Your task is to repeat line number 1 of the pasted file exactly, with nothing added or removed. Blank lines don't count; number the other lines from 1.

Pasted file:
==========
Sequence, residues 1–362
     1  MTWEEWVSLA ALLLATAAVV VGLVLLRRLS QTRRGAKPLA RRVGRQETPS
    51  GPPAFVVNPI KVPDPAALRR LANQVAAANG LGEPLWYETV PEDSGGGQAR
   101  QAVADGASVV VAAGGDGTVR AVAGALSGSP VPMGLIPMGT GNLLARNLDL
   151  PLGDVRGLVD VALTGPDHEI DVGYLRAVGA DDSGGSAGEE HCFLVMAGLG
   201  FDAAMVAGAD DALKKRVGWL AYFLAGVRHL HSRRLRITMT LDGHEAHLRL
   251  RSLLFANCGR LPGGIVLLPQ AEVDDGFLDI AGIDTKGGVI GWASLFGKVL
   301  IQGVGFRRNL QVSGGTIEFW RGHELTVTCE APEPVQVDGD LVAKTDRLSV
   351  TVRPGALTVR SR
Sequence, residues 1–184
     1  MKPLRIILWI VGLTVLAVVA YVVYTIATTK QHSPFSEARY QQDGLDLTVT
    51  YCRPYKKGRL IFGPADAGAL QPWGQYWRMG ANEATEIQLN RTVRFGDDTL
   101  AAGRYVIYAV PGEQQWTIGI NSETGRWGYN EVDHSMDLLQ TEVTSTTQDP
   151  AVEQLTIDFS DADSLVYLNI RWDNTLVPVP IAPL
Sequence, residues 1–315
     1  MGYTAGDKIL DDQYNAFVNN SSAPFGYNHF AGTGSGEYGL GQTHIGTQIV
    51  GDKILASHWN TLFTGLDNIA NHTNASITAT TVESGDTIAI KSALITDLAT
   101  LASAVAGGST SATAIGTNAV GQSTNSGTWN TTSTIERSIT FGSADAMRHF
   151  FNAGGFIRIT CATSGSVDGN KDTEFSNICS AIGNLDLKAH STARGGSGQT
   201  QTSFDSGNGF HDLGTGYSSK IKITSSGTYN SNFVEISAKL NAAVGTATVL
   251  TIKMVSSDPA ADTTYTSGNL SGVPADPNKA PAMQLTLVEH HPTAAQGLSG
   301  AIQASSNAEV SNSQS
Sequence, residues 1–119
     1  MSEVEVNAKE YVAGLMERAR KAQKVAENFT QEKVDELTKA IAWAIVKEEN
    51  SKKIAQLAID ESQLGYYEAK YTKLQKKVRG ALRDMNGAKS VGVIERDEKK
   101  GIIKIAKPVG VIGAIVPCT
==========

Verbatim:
Sequence, residues 1–362